I initially felt that the word autism had many negative connotations attached to it. In short, it meant slow, not as proficient as, one who struggles with tasks that others find easy, but worst of all incurable. Negative connotations aside, however, it was a slight relief after he was diagnosed. I could offer the diagnosis to his teachers as explanation as to why a wide array of disruptive behaviors were occurring and be received with understanding as opposed to frustration. Future flair ups and subsequent teacher annoyance could also easily be addressed and dissolved with the simple reminder that he was “autistic”. When I began using the word to describe my son, the weight of the word, measured by the responses of others surprised me. The numerous teacher complaints were now replaced with nods of understanding and in time the complaints ceased altogether even though his “bad” behavior persisted.

The feeling of relief and ease I was beginning to feel as tensions between me and his teachers quelled was short lived, however, as I began to wonder if I was negatively enabling my son. What if the ways in which this disorder affected him were not as pervasive as his doctor and I had suspected? What if both me and his teachers had a limited understanding of the true nature of the disorder and were using it as a crutch exempting him from the expectation of performing in ways that he was capable, if he were only challenged and expected to? With the inclusion of so many varied behaviors, which of his behaviors were ones that could be classified as the manifestation of the condition, and which could be classified as normal childhood defiance? Was this elusive term “autism” limiting otherwise realistic expectations of him to perform in ways that were actually at par with his current capabilities? In finding answers to these questions it was necessary for me to look beyond the language and explore my son independently of the numerous preconceived notions surrounding the disorder.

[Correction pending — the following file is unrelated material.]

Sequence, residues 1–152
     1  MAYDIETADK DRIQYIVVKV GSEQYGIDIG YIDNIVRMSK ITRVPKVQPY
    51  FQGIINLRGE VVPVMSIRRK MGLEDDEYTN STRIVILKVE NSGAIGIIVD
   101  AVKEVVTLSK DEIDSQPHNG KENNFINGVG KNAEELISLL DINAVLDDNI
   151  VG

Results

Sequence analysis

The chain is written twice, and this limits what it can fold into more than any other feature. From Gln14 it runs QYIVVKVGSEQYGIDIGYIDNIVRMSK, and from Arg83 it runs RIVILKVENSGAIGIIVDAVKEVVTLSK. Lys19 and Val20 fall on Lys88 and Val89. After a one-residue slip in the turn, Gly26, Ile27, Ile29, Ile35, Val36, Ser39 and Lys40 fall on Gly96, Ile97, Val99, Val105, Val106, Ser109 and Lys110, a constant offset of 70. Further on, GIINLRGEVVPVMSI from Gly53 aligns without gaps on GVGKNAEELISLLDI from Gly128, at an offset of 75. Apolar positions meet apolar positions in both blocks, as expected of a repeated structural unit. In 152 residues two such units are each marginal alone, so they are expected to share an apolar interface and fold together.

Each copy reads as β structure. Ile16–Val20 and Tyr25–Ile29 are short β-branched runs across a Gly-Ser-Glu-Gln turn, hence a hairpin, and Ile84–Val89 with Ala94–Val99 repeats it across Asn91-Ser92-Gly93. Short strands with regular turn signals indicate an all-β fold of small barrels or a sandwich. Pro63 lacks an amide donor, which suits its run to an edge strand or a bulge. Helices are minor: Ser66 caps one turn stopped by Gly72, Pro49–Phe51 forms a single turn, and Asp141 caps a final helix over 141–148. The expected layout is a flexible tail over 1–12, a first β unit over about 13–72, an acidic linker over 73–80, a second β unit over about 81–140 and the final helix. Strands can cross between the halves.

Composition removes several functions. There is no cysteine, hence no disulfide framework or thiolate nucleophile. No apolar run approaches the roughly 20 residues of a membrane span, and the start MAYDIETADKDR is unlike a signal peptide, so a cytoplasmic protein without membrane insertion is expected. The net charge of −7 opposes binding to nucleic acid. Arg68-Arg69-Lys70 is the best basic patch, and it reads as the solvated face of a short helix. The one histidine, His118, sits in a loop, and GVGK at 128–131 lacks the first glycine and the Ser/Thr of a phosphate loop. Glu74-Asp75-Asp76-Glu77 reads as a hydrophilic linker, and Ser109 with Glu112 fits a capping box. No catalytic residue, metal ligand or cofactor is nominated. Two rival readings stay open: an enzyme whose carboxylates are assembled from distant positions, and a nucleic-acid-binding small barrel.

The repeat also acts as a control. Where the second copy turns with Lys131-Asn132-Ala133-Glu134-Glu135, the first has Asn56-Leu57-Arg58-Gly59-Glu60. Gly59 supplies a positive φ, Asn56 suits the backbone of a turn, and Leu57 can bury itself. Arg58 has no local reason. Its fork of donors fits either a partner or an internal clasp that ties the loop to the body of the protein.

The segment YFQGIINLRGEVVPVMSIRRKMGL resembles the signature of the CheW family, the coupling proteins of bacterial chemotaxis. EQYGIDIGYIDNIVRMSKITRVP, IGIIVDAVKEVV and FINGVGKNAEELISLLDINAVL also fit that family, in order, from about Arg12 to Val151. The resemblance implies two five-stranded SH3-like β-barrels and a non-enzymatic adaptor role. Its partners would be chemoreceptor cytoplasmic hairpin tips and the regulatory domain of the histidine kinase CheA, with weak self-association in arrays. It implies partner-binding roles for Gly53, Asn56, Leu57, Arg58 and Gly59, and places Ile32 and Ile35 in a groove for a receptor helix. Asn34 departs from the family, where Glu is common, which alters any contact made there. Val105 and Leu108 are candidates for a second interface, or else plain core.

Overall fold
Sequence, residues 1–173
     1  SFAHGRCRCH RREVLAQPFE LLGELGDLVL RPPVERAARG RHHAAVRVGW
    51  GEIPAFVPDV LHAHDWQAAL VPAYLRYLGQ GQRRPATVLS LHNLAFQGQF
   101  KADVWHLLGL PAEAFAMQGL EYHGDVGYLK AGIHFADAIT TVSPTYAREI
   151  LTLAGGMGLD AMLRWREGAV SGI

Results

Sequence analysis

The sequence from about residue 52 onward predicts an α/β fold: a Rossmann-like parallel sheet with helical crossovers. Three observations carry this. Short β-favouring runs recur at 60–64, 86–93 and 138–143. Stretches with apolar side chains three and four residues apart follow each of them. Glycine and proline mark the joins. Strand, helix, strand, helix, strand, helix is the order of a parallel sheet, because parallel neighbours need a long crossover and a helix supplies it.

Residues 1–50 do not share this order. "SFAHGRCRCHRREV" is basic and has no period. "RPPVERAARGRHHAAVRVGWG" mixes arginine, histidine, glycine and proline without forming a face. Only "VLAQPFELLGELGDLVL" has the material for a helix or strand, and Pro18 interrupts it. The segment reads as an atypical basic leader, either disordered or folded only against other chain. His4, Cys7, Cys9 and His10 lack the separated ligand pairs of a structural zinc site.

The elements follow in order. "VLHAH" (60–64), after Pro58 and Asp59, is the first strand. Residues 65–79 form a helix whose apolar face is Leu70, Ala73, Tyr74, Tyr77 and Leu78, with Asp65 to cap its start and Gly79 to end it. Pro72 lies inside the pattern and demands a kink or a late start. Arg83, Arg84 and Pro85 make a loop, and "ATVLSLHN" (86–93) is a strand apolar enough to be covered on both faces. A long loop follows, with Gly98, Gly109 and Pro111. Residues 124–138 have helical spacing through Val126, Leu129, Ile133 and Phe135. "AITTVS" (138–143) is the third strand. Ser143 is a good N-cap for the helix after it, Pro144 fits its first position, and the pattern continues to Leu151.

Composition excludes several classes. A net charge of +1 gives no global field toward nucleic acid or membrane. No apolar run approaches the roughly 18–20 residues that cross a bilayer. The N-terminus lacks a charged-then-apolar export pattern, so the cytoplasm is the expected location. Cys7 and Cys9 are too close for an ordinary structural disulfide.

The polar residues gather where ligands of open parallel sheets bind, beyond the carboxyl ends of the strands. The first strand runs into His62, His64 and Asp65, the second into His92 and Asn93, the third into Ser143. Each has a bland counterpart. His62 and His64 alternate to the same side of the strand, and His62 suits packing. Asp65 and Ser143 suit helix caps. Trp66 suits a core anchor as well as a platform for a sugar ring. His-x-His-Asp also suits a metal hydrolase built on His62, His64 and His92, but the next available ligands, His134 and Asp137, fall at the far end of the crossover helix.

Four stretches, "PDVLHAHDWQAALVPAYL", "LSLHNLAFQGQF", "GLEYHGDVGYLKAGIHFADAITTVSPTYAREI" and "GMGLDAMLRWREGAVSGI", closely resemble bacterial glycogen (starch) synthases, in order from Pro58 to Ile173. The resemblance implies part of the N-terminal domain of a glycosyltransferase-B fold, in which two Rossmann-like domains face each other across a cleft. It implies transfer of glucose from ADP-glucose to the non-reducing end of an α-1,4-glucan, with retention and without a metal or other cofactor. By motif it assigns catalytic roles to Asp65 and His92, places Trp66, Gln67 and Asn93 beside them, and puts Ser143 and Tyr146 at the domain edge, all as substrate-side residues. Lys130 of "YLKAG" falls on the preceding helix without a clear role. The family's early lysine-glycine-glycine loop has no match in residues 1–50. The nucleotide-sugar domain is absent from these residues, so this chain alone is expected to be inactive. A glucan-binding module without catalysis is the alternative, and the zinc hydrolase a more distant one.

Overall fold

From a health standpoint the doctors stated that this was something that he would have to live with for the rest of his life, from a wellness standpoint, those words alone initially shaped my belief and slightly diminished the hope I held for treatment options. What’s the point if nothing I do will make a difference? His first pediatrician told me that I “ought” to get him tested as she suspected he might have “something”. Those words put fear in my heart. Once he was diagnosed and I did seek out therapy options, his psychologist told me to not be too “unrealistic” when it came to my expectations. “He’ll likely be this way forever” he said, so you should start to adapt. Those words have stayed with me to this day previously deterring me from pressing forward when my son showed enthusiasm in a number of different fields.

It took one classically trained physician who specialized in natural remedies to set me straight and get me back on the road to positive expectation in regards to my son’s condition. His words; “He is going to get better, I’ve seen it happen.” After a year of natural interventions that’s exactly what happened. He got better and better still, symptoms subsided and a new personality emerged. Tasks that used to be difficult became easy and the pride I saw him exhibit spoke for itself. But instead of his progress making me a happy parent at that time, it made me a bit of an angry one. While I was overjoyed at his progress, I was angry at each and every person who told me prior to this point that it couldn’t be done. Who were they to stifle my enthusiasm and how many other parents had they done this to? Due to the fact that I will one day soon be a a doctor of natural medicine I am now happy that I experienced this firsthand. I truly believe that it will help me to be more sensitive to the individual needs of those that I advise and ensure that my words do not place limitations on the most important tool at the patient’s disposal: hope.